It might seem like our current information glut is without parallel, but throughout history observers have worried about the impact of too much information on our ability to rationally process and make sense of it. When we moved from an oral storytelling culture to print with the invention of the printing press. Or with the invention of the telegraph, which allowed our thoughts to be transmitted across continents, for the first time exceeding the physical speed of a human body.
The ability to spread information changes the kinds of things we talk about, and therefore find important. And Neil Postman’s 1985 book Amusing Ourselves to Death, is worth revisiting for his observations about the transition from the age of print to the age of television. He laments that in leaving the written argument behind, TV substitutes entertaining aphoristic messages for substantive evidence-based reason. Worse, TV gives the illusion of seeing and knowing more but being less powerful to act on any of it. Information as entertainment. Images as emotional triggers which don’t enlighten. He worries that as we distract ourselves and get addicted to being diverted, we lose the ability to determine what actually matters and forget we have the power to do anything about it. One suspects he would feel fully-vindicated in his cautions seeing the media universe of today in which we carry our phones everywhere in fear of allowing a single second to pass without distraction.
I think the take-home message here is a warning about the trap of feeling informed on a diet of information that does not matter and which we cannot do anything about. Were you outraged during the Trump years and spent hours every day following every little scandal and transgression? For what purpose? After, say, the first dozen or so outrages, did subsequent scandal change your opinion about the man? Did additional information shape new actions, new responses on your part that made a difference in either stopping him or changing the situation? You gave money, sure. You voted, sure. But think about the possibly thousands of hours you wasted in being outraged. And to what purpose?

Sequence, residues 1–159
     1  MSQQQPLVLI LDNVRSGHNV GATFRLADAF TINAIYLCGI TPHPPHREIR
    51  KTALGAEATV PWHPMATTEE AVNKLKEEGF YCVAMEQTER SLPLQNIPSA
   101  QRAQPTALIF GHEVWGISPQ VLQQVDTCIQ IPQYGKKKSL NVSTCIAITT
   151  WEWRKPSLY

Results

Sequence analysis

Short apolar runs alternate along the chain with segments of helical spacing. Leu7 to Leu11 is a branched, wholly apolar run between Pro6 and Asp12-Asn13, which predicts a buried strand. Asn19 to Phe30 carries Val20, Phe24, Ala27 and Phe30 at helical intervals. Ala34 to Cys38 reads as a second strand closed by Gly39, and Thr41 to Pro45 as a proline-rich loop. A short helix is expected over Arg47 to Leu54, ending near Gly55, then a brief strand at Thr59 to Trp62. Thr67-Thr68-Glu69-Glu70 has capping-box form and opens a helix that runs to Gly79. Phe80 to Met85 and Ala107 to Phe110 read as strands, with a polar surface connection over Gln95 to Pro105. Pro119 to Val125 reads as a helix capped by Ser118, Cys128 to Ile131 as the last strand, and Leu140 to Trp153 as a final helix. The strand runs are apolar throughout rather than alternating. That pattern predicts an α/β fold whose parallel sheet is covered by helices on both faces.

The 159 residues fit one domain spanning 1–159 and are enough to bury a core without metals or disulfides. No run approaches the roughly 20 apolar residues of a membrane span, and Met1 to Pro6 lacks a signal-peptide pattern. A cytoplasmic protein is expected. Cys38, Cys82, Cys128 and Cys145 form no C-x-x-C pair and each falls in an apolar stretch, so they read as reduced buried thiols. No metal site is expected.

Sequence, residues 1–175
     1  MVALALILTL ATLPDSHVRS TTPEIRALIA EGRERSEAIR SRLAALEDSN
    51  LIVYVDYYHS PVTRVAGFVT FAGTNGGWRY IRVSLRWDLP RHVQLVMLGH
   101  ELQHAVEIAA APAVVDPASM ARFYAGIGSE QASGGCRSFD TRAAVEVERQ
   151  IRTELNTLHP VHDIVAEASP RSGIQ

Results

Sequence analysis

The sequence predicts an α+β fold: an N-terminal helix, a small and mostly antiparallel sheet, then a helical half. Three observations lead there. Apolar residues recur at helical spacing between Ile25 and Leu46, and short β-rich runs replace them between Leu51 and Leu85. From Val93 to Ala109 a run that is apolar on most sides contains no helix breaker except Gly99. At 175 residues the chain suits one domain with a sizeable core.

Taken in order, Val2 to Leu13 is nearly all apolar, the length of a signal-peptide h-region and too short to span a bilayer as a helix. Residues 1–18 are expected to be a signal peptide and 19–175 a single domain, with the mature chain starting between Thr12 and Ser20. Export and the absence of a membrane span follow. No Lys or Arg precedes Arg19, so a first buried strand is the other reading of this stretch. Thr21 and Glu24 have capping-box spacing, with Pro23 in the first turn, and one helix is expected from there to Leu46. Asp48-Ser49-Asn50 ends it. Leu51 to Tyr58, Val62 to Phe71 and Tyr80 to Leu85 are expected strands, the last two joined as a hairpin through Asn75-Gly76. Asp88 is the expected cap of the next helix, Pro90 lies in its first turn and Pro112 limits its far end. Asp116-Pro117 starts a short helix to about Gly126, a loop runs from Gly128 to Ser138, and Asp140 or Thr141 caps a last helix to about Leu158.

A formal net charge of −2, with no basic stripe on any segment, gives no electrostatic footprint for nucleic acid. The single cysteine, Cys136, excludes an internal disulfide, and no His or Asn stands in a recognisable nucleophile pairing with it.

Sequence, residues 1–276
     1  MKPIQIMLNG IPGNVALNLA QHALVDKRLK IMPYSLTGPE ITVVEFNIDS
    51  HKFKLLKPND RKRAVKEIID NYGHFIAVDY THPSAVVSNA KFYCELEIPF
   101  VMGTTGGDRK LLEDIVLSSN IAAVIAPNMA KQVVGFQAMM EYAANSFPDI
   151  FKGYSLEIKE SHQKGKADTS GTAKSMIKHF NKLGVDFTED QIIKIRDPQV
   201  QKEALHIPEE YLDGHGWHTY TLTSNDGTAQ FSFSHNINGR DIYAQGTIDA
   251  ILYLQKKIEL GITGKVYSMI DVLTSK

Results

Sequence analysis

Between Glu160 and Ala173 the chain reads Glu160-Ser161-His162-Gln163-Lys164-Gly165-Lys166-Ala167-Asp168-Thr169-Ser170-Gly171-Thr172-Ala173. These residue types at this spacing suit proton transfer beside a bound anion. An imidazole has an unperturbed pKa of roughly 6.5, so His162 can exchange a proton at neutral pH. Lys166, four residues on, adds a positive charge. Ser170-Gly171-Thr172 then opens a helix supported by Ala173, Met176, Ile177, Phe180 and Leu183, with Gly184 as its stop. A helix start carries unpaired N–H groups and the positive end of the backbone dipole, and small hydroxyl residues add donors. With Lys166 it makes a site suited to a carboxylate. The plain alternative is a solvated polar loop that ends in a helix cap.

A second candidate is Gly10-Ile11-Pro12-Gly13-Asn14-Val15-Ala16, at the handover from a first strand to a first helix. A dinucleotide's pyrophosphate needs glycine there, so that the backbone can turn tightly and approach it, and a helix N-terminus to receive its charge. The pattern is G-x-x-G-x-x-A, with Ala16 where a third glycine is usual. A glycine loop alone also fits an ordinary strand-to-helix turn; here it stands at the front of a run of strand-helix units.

This was Postman’s point. The “news” as reported on television was about things its viewers would be unable to impact, so why be informed about it? He concludes that it was for entertainment value, as a distraction from having to participate more fully in the world, yet behind an illusion of participating through knowing about it. One can imagine, in a way, this is how fame works. We know about something that others also know so we now feel an investment in and a kinship with our community in the know. This is how we create meaning.
But in the current media universe which has flattened our hierarchies of information, information feeds become more and more deadening, and the sense of boredom that one feels consuming it is not from having nothing to do but being overwhelmed by choices that don’t seem to lead to anything nourishing. I wrote a bit more about Postman over on Post Alley.